🔹We have to date, racked up 70 performance titles including many first place wins as well as other placements in good sized fields of competitors from several different titling bodies.
The titling bodies are:
Canadian Disc Dog Association
Canadian Kennel Club
Australian Shepherd Club of America
Canadian Association of Rally-Obedience
Do More With Your Dog Association
🔹Written numerous articles on dogs, dog training, and other subjects that have appeared in the South Mountain Press, the Manitoba Cooperator, Kuvasz Club of America newsletter, and The Aussie Times, an international publication.
🔹 Former Editor of Kuvasz Club of Canada Newsletter Echoes 2015-2019
We started doing shows for the public in 2002 and have done many performances from then until 2014, including several Western Days shows in Sandy Lake, MB, The Brandon Summer Fair, Westman Dreams for Kids, participated in a half time canine disc performance at a Winnipeg Blue Bombers game in Winnipeg with River City Disc Dogs, Erickson Kiddy Kollege, and numerous other small town shows, nursing homes, and events.
We also joined Superdogs for one afternoon show in March of 2004 at the Royal Manitoba Winter Fair in Brandon but due to an injury McCoy was unable to participate in the big evening show.
TV Appearances/Newspaper Articles
I appeared on A-channel Winnipeg morning show with Finn as part of Westman Disc Dogs to promote the sport of disc dog in 2003. I also appeared on the “Noon Show” in Brandon on CKX as part of Westman Disc Dogs to promote the sport before the station closed. We have been featured in numerous local newspaper articles.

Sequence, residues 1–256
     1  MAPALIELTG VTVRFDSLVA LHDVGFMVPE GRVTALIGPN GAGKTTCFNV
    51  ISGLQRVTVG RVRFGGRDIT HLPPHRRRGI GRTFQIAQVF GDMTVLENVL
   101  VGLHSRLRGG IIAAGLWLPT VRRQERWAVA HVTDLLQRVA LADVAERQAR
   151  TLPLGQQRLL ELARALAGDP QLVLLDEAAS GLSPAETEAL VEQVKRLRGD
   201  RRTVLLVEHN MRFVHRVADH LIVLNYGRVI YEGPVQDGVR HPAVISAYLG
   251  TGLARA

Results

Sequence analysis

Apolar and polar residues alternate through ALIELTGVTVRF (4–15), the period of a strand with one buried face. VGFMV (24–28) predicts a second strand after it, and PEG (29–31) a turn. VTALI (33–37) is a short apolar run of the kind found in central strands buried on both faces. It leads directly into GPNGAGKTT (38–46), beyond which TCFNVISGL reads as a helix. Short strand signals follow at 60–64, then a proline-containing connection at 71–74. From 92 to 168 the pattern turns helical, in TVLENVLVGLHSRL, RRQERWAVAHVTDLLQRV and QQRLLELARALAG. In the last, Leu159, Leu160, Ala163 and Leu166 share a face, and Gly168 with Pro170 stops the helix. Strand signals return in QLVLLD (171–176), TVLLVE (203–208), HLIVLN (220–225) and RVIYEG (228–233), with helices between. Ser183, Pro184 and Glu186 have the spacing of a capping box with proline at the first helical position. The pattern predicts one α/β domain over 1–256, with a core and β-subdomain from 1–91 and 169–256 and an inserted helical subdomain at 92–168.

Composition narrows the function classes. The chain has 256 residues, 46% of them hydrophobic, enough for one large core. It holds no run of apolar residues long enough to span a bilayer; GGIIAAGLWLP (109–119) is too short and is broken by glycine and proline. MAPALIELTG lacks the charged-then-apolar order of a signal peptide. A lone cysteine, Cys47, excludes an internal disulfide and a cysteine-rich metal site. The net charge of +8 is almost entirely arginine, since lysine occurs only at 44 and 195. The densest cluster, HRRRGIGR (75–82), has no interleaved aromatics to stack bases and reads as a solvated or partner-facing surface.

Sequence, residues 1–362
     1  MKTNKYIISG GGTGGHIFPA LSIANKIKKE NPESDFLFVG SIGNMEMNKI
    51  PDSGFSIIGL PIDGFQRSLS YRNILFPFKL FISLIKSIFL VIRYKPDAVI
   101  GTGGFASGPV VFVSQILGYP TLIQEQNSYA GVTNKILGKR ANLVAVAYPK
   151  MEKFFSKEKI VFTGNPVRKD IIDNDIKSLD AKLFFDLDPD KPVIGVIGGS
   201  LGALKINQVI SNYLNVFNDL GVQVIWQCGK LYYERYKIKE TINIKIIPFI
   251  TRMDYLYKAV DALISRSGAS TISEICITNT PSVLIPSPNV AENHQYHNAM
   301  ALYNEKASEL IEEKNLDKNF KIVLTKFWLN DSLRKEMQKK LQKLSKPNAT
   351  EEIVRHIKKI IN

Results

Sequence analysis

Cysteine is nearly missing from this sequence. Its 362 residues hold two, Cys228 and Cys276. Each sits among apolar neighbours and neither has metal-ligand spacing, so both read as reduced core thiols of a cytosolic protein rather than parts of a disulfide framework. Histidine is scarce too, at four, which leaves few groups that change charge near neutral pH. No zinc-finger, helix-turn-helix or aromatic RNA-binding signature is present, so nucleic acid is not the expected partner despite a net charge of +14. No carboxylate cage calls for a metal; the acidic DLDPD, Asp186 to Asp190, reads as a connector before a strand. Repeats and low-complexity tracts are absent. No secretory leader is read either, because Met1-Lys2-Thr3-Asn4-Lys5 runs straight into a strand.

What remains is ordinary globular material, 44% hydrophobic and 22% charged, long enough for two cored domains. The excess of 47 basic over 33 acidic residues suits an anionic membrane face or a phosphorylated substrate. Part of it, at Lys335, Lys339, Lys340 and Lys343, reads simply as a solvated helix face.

McCoy and I were one of the teams featured and interviewed on a Canine Disc episode of “Top Dogs”
About Performance Titles
We believe that titles and competition placements indicate predominantly the skill of the trainer/handler and NOT the dog. If you put enough time into it you can train almost any dog to do quite well in most dog sports. The idea of titles is to prove that you have reached a minimum of training in a certain venue. However, not everyone can, or is willing to train or put in the time or the money to get their dog to a high level of competition.
It is often thought that a dog who is trained to do competition obedience is most often NOT well trained at home. I have found this to NOT be the case.
Training a dog for the ring, actually gets a dog learning things he needs to live in the home. Sit, Down, Stay, Walk nice etc. If you can get your dog to sit and stay around difficult distractions you have accomplished some good training.
The best dog is one who can be your best friend at home and can have fun with you no matter what you are doing and the actual competition is just icing on the cake, BUT we think it is important for training instructors to be putting titles on their dogs to document that they can and have reached at least this level of training.